High Dynamic Range (HDR) is a strong buzz-phrase in the TV world, with manufacturers and content creators alike adamant it offers noticeable leaps in picture performance.

Every few years, manufacturers come up with a whole bunch of new tech, most of which has a confusing acronym. UHD and 4K. HDCP. OLED. (Indeed, our laptops' Caps Lock keys have been subject to considerable wear over the last few years.)

And the latest? HDR. But what is it and how will it make your video pictures look better than ever? Read on for all you need to know about HDR video technology on 4K TVs, games consoles, mobile phones and more...

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What does HDR mean?

‘HDR’ stands for High Dynamic Range, and it is the next big thing in the video world when talk turns to 4K TVs and 4K content. The term originates in photography, and refers to a technique that heightens a picture’s dynamic range – the contrast between the brightest whites and the darkest blacks.

The theory is: the higher the dynamic range, the closer a photograph gets to real life. HDR for televisions is basically the same idea.

Look out of the window. Look at the sky. The clouds may be white (or grey, if you’re in the UK) but there should be definite layers, and around the clouds you should be able to pick out varying degrees of brightness.

Now look at clouds in any film on your TV. They tend to look flat by comparison, with white levels crushed and layers virtually indistinguishable. There are several reasons for this.

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What's so good about HDR?

The first reason is your TV’s limited dynamic range, its inability to illustrate the finest differences in brightness. This means you miss out on all the nuance that really ought to be there.

After all, your eyes can differentiate a lot more information than your telly feeds you. Then there’s all the processing that takes place along the chain after something is filmed.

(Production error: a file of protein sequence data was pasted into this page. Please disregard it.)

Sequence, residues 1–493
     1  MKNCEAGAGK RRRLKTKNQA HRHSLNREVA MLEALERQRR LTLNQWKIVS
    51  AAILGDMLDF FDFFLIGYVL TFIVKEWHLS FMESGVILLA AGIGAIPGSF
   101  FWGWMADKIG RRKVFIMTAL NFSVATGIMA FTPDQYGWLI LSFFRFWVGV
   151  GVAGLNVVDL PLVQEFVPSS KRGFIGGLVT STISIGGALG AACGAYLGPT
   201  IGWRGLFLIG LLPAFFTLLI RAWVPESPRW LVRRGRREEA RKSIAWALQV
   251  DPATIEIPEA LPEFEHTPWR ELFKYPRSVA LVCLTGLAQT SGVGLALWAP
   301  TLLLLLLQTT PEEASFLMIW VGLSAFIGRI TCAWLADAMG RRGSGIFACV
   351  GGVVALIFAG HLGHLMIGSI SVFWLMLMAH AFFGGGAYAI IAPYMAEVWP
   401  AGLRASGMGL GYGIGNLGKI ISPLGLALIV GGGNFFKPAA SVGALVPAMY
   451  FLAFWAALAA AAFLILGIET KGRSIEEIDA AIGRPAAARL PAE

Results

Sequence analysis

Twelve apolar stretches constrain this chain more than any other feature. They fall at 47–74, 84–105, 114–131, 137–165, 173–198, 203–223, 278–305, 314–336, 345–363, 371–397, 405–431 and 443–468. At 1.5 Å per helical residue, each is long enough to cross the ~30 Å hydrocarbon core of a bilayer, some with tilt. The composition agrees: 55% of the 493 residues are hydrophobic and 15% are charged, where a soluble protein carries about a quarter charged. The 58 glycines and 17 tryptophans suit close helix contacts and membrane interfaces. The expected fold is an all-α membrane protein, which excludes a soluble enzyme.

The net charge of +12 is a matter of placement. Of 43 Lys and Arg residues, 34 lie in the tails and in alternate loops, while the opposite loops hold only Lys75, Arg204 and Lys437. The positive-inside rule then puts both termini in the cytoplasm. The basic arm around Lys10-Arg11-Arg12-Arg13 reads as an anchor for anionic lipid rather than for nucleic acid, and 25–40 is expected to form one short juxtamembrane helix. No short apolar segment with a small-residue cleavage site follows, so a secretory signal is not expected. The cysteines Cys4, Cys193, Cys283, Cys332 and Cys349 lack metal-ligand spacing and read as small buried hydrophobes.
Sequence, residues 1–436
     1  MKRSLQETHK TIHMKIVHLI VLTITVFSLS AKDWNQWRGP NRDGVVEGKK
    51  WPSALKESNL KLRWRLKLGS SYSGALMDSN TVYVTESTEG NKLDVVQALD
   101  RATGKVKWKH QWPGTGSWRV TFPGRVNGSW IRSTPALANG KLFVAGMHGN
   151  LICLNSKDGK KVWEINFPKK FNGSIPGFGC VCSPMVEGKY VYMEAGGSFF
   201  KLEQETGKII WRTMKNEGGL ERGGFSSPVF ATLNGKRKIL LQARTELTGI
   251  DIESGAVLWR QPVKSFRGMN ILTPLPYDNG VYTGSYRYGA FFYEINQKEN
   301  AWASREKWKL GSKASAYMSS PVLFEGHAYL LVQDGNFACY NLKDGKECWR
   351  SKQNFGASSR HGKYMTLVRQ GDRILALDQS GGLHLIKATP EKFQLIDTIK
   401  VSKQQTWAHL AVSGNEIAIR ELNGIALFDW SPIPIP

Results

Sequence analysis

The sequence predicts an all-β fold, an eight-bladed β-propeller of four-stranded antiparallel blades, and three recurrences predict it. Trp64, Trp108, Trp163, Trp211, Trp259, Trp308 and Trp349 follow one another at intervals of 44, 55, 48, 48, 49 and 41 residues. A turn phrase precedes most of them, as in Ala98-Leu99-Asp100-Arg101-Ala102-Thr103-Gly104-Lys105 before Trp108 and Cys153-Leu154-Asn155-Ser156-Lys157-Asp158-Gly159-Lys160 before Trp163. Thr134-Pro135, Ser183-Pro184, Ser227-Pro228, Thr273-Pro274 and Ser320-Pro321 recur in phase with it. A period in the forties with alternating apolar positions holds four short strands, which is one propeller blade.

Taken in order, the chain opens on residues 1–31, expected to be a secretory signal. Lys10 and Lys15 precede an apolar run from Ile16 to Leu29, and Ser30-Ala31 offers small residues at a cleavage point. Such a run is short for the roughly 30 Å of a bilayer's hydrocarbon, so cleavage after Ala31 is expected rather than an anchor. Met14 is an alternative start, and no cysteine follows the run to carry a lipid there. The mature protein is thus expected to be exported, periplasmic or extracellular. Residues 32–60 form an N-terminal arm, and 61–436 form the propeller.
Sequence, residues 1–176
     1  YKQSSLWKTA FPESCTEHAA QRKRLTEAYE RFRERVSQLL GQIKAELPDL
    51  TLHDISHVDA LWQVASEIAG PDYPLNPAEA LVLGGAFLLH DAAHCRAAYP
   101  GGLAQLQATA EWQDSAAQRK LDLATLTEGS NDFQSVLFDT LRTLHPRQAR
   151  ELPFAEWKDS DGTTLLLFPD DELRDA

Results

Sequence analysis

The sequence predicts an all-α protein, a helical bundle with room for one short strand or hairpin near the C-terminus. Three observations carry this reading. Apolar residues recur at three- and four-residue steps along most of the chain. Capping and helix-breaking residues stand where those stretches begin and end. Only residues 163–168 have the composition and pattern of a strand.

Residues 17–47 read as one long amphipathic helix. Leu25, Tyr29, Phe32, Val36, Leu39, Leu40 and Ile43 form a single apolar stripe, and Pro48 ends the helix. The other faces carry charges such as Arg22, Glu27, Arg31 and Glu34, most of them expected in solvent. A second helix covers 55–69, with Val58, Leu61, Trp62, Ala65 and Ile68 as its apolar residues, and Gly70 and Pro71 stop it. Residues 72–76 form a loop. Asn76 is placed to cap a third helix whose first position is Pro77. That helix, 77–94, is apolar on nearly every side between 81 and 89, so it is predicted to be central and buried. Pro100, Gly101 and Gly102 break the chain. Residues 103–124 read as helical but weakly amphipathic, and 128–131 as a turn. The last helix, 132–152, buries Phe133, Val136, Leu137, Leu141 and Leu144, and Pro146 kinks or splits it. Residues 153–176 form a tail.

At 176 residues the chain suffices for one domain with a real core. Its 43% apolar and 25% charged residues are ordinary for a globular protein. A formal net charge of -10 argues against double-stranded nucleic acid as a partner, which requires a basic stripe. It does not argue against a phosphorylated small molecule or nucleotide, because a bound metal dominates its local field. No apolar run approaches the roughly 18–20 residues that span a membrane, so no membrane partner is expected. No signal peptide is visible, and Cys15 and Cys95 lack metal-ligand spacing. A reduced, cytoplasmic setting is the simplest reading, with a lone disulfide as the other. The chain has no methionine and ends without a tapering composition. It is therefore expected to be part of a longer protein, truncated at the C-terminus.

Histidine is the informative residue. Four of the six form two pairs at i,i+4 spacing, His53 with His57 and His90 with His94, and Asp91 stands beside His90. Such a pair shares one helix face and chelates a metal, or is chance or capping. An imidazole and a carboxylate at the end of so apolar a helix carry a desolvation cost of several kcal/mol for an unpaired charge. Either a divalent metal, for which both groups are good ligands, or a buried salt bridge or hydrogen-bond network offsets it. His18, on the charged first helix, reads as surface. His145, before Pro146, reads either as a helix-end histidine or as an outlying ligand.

It dramatically reduces the amount of information transferred in order to match the technical limits imposed by your TV.

Lately, though, TVs have become much more capable. And by that, we mean bright. A normal TV puts out around 100-300nits of brightness, where one nit (derived from the Latin for ‘to shine’) is equivalent to the light provided by one candle. An HDR TV can in theory deliver up to 5000nits.

Of course, that sort of light would be blinding at maximum brightness. This tech isn’t about searing your retinas, though - it’s about widening the range in order to display finer increments of shading.

The idea is to let you see more of what is recorded. You’ll get more details in the shadows and highlights. Sunlight will gleam properly off windows. Colours will be richer and more lifelike, with more delicate gradations and greater shifts in tone. Basically, your picture will look more natural and more real.

Don't believe us? Take it from Hollywood colourist, Dado Valentic, in our video below...

What is HDR10?

Currently, there are five different varieties of HDR: HDR10, HDR10Plus, HLG, Dolby Vision, and Advanced HDR by Technicolor.

HDR10 is the original and currently most common form of HDR. It's an open standard that has been adopted by numerous manufacturers, service providers (Amazon and Netflix) and the Blu-ray Disc Association (BDA).

According to the CEA (Consumer Electronics Association), HDR10 must meet certain standards, including 4:2:0 colour sub-sampling, 10-bit bit depth, and the BT.2020 colour space.

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What is Dolby Vision?

As previously mentioned, Dolby has its own version of HDR: Dolby Vision. This was initially an initiative for its Dolby Cinemas, combining HDR video with Dolby Atmos sound, in an attempt to take on IMAX cinemas - but Dolby Vision can also be adapted for the home.

The key difference between Dolby Vision and HDR10 (besides the fact Dolby Vision requires payment of a licence fee) is the former allows for dynamic metadata to be added to a vanilla HDR image. In theory, this allows for an improved image on a scene-by-scene basis - while HDR 10 works its magic film-by-film.

Both HDR10 and Dolby Vision can feature on the same TVs and discs, although Dolby isn't yet quite as ubiquitous. The recent release of Despicable Me and its sequel marked the first Ultra HD Blu-rays with Dolby Vision, and others such as Power Rangers, Baywatch and Blade Runner 2049 are following.

The two formats can happily coexist (Amazon Prime Video and Netflix offer both), although you will need a Dolby Vision-compatible disc, Blu-ray player and TV all capable of processing it before you can enjoy the technology at home. LG has so far been the format's biggest adopter on the hardware side, with many of its 2016 LCD and OLED TVs, and the whole of its 2017 OLED line-up supporting it. You can find a more comprehensive list of supported products by following the link below.